1[mass noun] White stage make-up.‘the man in whiteface going up on the stage’
cosmetics, greasepaintView synonyms
- ‘What would they have made of Edward D. Wood's horrifyingly inept cine-poems - or of Oscar Micheaux's melodramas, with black actors in whiteface?’
- ‘This paper looks at the previously unconsidered racial stereotype of whiteface utilized by Anglo Americans in the middle of the nineteenth century to distance their working-class from those of the newly arrived immigrant Irish.’
- ‘The success of burlesque in the late 1860s spawned several all-female white troupes performing standard minstrel routines in whiteface.’
- ‘The top dog, Lincoln, in costume and whiteface, impersonates Honest Abe in a sideshow, for customers playing Booth to shoot at.’
- ‘Germans don whiteface for Carnival, while urban African blacks paint their faces white in rites of passage.’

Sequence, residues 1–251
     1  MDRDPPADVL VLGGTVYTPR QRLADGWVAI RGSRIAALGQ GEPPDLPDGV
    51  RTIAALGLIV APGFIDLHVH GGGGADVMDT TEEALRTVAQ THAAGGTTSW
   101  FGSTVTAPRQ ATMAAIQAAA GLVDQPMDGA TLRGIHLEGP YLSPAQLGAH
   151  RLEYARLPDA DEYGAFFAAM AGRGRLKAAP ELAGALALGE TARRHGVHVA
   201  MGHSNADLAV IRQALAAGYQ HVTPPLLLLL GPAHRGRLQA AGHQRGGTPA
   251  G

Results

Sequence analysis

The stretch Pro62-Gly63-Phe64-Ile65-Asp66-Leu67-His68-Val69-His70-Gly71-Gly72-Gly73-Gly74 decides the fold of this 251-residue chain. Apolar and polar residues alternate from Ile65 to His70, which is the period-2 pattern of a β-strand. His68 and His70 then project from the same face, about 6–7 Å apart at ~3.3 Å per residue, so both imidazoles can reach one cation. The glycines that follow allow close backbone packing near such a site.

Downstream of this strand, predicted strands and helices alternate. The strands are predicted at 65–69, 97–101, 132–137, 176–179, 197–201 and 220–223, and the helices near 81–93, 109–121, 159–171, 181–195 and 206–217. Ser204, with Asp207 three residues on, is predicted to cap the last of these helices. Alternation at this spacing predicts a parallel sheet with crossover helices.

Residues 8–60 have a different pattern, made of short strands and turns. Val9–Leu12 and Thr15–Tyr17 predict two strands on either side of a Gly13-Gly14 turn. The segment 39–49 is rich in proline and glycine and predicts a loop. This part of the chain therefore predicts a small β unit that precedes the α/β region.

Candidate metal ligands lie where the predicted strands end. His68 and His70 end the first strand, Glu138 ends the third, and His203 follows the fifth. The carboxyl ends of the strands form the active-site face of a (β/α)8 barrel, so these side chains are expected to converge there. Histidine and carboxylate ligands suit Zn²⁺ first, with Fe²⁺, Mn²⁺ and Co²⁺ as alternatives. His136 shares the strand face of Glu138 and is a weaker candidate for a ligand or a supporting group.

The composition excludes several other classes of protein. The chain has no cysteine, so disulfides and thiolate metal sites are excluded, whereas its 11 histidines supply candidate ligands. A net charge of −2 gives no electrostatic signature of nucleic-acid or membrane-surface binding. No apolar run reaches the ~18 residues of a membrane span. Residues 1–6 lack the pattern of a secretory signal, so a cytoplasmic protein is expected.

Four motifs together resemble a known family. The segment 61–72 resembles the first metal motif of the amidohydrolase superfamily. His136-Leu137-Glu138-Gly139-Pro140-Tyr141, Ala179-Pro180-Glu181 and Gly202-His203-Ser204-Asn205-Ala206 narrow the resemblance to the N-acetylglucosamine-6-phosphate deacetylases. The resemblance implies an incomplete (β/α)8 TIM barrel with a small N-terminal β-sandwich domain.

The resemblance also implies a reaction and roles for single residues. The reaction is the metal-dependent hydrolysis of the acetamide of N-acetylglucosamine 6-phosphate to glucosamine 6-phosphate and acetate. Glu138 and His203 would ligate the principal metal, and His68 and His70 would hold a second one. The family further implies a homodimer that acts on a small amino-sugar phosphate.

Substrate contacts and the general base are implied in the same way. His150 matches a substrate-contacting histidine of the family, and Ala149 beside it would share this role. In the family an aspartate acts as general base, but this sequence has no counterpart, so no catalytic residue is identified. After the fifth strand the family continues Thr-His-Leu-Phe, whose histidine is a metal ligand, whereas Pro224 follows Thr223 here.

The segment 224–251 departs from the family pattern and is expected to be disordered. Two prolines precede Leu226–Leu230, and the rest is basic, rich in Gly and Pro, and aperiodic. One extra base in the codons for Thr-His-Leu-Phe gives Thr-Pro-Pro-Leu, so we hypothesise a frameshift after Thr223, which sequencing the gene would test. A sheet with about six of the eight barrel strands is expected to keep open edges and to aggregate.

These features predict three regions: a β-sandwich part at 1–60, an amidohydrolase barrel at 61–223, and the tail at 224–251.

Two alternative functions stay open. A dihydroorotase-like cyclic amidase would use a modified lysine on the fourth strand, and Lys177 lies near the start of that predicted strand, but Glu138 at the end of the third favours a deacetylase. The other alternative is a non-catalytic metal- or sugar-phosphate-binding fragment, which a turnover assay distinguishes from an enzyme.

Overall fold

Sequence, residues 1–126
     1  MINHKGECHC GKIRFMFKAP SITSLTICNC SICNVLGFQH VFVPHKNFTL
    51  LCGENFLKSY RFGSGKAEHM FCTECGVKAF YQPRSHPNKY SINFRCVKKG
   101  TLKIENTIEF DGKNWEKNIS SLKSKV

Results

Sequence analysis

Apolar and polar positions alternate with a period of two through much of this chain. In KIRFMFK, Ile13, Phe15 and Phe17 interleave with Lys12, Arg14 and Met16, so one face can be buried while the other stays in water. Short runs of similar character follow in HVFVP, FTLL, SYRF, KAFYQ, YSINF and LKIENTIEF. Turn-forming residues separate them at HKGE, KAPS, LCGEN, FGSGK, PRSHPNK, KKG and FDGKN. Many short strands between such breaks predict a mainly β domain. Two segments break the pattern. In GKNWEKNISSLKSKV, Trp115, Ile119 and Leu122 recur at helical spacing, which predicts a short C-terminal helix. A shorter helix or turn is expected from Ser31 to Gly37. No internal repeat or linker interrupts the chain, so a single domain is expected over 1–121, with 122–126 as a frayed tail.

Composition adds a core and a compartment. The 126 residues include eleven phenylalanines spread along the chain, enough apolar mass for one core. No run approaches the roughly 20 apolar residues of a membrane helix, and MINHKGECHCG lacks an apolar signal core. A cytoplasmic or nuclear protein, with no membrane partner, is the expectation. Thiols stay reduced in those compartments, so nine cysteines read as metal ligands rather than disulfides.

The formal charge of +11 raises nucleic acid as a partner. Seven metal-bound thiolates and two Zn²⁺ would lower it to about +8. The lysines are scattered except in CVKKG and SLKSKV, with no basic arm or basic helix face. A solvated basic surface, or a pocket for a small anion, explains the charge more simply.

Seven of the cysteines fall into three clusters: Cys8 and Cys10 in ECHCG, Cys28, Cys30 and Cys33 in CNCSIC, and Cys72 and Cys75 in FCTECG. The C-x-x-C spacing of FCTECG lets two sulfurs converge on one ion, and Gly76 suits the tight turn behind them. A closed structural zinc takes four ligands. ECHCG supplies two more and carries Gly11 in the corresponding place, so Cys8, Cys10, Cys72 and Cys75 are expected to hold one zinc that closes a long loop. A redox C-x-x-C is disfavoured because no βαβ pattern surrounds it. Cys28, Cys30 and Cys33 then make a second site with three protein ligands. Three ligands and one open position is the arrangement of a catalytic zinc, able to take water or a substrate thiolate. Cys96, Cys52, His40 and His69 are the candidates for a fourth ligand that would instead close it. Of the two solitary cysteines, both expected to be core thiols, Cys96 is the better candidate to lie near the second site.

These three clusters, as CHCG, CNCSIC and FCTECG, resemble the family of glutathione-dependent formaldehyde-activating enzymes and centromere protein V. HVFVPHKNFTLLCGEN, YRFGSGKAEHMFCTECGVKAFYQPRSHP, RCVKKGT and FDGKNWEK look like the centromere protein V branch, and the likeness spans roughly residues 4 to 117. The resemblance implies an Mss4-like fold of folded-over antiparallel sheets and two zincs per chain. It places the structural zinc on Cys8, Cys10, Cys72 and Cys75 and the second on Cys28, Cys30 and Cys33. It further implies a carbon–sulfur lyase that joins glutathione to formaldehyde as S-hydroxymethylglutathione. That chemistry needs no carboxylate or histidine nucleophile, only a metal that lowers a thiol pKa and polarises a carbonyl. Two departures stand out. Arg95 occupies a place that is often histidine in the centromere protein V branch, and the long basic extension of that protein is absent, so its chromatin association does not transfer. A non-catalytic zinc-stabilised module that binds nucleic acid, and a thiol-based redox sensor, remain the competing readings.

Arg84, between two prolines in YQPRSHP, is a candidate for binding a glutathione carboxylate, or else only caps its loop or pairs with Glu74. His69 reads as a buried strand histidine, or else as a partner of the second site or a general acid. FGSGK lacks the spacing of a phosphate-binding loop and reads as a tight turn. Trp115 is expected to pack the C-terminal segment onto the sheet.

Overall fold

- ‘He has landed a ‘sit-down job, with benefits’ in an arcade, posing as Abraham Lincoln - whiteface and all - for patrons who pay to shoot blanks at him.’
- ‘However, it was not only in theater that this stage Irish character of whiteface began to appear.’
- ‘As a black man going undercover in whiteface, he investigates this secret world with laughable results.’
- ‘In the context of this event, the dancers' makeup - whiteface with eyes and mouths outlined - had a disturbing edge, though as they moved they conjured more Weimar than minstrel show.’
- ‘In trademark whiteface and Buster Keaton regalia, Viglione pummeled his drums in a murderous rage, while Palmer's full, rich voice created a palpable drama.’
2North American A Hereford cow or bull.
- ‘I've been breeding white-faces - pure-bred Herefords.’
3An Australian warbler with a white face.
- ‘No, it's just a noise that might attract some birds, particularly things like wrens and thornbills, and saffron whitefaces which we've just seen.’